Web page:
In Fleabag, This Way Up and Back To Life, TV is embracing personal growth that's actually realistic.
It is easy to forget in the Netflix age, but Twin Peaks was a big deal, especially during its first season. I can vouch absolutely for mornings spent analysing the town's strange events with the office typing pool at the water cooler.
From The A-Team to CSI, some of the most popular and enduring television shows have centred on a family, either real or created. John Logan's gothic horror Penny Dreadful is no exception to this generalisation.
Twin Peaks never went away, it merely dissipated into wider TV culture, developing multiple personalities on such shows as Northern Exposure, American Gothic, Eerie Indiana, The X-Files, Lost and Fortitude.
This article contains serious spoilers, and probably won't make much sense if you haven't already watched the show to its
There's one truism about American television: As long as there's the ratings for a show it will continue on and on whether the story is valid or not. Homeland is such a series.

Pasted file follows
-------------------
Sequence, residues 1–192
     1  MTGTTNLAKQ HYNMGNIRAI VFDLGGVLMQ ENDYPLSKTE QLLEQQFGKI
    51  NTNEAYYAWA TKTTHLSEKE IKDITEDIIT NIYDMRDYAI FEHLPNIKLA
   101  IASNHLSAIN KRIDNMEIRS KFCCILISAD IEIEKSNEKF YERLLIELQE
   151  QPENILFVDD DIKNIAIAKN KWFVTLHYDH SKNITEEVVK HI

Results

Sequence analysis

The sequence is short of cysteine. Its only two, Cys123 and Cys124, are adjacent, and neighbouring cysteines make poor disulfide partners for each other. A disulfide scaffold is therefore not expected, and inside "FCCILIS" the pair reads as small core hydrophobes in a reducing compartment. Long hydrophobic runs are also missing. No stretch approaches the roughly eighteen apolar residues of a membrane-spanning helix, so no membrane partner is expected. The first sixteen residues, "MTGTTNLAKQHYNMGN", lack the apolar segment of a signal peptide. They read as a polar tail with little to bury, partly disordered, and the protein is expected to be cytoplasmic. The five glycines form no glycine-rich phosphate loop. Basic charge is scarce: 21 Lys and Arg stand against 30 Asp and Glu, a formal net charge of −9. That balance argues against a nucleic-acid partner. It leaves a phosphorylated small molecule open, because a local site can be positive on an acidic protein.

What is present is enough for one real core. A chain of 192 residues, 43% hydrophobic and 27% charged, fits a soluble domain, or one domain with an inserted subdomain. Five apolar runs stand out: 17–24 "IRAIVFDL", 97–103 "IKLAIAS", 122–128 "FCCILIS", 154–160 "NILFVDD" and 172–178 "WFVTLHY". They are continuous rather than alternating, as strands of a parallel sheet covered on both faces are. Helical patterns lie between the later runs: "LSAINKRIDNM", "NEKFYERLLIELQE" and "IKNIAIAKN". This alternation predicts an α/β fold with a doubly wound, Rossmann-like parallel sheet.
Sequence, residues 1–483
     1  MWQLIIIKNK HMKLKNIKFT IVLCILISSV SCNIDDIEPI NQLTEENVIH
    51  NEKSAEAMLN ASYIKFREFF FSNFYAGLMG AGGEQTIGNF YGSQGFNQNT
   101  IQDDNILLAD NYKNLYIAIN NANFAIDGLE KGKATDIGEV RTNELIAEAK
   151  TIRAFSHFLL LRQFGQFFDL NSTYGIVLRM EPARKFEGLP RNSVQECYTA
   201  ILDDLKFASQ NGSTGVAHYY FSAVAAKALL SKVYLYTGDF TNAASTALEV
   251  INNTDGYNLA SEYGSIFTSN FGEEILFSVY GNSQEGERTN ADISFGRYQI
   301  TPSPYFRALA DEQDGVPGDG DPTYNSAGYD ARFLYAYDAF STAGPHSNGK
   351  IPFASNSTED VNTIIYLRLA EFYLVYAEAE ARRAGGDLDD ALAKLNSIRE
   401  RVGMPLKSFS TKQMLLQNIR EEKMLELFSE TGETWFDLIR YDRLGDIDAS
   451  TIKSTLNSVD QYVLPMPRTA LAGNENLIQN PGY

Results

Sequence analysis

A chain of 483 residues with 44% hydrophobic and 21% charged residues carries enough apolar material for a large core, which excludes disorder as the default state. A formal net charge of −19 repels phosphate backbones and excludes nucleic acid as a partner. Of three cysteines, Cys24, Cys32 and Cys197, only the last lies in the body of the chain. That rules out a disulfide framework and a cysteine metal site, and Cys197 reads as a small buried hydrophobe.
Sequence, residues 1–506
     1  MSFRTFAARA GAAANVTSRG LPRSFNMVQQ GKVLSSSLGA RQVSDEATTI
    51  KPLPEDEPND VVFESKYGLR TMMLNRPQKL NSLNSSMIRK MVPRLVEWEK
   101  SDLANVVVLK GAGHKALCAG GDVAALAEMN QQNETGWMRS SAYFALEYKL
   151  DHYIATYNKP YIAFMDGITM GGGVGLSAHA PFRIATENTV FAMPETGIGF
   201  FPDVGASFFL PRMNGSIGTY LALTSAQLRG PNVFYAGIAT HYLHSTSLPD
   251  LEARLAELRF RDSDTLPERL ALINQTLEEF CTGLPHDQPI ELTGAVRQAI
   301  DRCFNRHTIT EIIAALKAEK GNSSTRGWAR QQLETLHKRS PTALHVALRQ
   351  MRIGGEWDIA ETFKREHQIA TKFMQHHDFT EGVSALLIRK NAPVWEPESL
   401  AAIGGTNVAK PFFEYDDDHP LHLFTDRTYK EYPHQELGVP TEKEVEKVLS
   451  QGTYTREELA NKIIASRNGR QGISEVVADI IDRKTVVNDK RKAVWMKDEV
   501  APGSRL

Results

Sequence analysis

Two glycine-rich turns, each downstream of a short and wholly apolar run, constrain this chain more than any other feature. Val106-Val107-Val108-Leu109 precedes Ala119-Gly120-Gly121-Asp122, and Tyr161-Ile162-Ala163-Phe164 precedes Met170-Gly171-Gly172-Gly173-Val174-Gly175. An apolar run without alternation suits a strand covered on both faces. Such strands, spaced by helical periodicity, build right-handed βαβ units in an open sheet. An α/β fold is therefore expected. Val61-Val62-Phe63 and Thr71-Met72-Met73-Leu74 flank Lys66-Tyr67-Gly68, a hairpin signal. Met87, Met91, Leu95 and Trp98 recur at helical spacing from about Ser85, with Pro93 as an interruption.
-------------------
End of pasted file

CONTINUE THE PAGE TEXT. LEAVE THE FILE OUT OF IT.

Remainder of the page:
Many have claimed that the show has lost its sharp edge with repetitive storylines and a lack of real danger in later seasons. Season seven rejuvenated the show with the revelation that Dexter's sister Deb discovered her brother's deepest, darkest secret. Here are the eight top things we want to see from season eight.
Over the past nine months of appointments, I hadn't seen the same midwife once. Pushed into the position of pregnancy slut - hopes for an actual relationship scuppered early on. It was never anything more than a one 'meet' stand.
I think it's interesting that the inventiveness and diversity of game culture (and its gigantic, widespread popularity) hasn't really integrated with the Olympics. We have athletes and broadcasters and a vague exhortation from the powers that be to get out there and be more active, yet almost nothing that inspires us to play ourselves.
Claire Danes was looking positively radiant on the red carpet in New York last night, for the Showtime and Cinema Society